Monday, 18 June 2018

Britain's Mammals 2018: The Mammal Society's Guide to their Population and the Conservation Status - A review

It was with a mixture of excitement and trepidation that I opened my latest book purchase, ‘Britain’s Mammals 2018: The Mammal Society’s Guide to their Population and Conservation Status. This latest publication by the well-established organisation was published alongside much fanfare regarding the success and failures of our mammal species. National news picked up on the headline facts that one in five British mammals are at high risk of extinction and it is the findings of the review that this book is based on.

As one would expect from the Mammal Society the publication is well presented and illustrated with first-rate photographs of all the species. There is a breakdown of key findings in the first few pages before each species, in turn, is assessed. There is also a very interesting section on future priorities that should help guide and focus conservation efforts in the future. As someone interested the practical application of ecological theory and data this section alone is worth the reasonable cover price.

In the species accounts, each species’ IUCN status is listed and its population calculated with upper and lower limit estimates where possible. Past and future trends for the species as well as indications of changes to its range are also accounted. There is a written description of the fortunes of the species between 1995 and 2008 and details of the key threats. There is some information on habitat preference and this may seem scarce at first but there are many other publications which cover the specific ecology of these species and this is definitely not the thrust of the publication.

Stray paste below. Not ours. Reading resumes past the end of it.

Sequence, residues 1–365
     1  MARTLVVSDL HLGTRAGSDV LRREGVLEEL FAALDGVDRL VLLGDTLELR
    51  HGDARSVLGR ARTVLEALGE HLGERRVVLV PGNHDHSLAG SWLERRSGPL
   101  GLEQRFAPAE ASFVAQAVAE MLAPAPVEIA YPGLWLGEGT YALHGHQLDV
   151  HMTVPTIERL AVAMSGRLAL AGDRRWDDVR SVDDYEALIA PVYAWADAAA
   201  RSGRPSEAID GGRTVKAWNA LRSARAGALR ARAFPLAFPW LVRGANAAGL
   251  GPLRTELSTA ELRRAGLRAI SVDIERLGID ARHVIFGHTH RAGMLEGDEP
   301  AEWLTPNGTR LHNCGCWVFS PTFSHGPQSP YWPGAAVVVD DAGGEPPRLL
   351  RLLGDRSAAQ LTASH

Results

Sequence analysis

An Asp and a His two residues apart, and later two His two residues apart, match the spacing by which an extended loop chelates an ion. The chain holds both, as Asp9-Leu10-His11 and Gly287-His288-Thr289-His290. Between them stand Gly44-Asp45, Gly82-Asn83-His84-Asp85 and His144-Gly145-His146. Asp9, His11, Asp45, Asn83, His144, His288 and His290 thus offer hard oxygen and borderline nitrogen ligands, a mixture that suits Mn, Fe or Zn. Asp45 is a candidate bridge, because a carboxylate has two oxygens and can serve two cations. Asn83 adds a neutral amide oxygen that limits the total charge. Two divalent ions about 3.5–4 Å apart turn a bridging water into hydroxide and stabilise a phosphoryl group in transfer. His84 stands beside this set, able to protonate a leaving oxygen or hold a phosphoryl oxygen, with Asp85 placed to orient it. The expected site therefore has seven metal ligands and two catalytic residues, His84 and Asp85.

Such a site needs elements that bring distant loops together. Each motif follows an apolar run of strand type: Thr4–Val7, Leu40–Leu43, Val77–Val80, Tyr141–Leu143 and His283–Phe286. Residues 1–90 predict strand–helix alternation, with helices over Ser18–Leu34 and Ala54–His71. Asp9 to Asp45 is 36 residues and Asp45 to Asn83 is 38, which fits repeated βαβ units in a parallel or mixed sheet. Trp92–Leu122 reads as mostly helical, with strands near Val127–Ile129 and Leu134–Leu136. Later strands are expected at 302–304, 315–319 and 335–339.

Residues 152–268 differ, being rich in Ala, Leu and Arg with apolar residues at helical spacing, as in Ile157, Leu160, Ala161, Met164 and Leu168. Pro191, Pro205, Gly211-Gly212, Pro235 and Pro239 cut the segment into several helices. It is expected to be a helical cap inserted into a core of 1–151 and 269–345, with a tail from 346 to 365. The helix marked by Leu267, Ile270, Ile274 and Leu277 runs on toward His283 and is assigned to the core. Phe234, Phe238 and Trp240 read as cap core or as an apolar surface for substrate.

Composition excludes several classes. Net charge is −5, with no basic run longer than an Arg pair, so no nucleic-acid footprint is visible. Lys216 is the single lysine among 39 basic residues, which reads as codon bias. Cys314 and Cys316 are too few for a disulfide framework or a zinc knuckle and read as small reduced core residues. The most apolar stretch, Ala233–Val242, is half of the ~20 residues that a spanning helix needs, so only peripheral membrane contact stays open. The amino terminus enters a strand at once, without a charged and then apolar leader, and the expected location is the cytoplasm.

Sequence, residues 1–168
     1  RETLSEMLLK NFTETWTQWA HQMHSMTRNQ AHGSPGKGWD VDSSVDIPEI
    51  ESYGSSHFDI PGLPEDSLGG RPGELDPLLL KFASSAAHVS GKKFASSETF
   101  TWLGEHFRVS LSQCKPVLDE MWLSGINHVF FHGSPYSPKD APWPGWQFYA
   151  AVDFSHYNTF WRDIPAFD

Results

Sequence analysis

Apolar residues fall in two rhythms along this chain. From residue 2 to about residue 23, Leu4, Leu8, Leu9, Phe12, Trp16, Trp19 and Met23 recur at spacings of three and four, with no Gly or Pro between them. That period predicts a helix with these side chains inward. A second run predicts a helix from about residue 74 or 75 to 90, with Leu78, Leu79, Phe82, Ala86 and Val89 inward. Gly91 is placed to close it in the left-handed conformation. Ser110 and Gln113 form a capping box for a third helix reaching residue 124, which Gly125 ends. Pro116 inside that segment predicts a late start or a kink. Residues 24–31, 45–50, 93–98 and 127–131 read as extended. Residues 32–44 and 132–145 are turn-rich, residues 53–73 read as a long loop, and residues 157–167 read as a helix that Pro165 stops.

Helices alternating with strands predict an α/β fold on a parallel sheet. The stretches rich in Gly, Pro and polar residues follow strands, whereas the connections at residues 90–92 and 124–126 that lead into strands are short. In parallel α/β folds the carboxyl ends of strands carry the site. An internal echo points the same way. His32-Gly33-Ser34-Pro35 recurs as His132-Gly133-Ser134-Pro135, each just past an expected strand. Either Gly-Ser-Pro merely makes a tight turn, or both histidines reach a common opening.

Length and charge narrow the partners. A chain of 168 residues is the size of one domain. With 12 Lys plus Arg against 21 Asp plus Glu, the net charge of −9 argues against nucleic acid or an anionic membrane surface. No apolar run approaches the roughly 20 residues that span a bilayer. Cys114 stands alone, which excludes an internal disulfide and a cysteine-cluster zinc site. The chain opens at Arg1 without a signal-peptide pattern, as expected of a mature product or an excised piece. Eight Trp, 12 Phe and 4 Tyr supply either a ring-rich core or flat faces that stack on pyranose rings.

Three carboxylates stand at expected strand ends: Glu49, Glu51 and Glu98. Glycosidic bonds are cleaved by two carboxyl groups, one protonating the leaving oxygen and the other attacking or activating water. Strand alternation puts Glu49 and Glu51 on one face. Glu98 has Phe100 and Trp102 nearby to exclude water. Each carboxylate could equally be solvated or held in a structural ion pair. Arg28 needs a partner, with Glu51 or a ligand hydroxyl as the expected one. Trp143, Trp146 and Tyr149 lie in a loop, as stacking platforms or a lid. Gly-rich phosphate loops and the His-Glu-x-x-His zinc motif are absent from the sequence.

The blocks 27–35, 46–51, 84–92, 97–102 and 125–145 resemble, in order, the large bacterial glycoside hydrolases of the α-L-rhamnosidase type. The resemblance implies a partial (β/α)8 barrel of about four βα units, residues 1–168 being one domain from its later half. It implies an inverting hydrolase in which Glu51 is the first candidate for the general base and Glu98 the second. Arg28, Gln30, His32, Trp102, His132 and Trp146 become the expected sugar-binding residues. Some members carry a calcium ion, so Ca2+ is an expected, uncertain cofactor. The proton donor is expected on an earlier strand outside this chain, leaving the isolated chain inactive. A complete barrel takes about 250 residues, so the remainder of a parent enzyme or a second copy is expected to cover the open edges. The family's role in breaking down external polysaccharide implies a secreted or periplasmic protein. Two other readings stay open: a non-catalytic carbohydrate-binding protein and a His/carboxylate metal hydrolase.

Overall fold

This publication is a status update and it does exactly what it does on the tin. Information is presented concisely and colourfully. One can be confident in the credibility of the data and appendices deal with the methodology. This is a must buy for any mammal enthusiast and the only negative thing to say is that it almost seems too colourful and well presented to contain such depressing news on the state of our mammals.

The publication is available from the NHBS priced £17.99.

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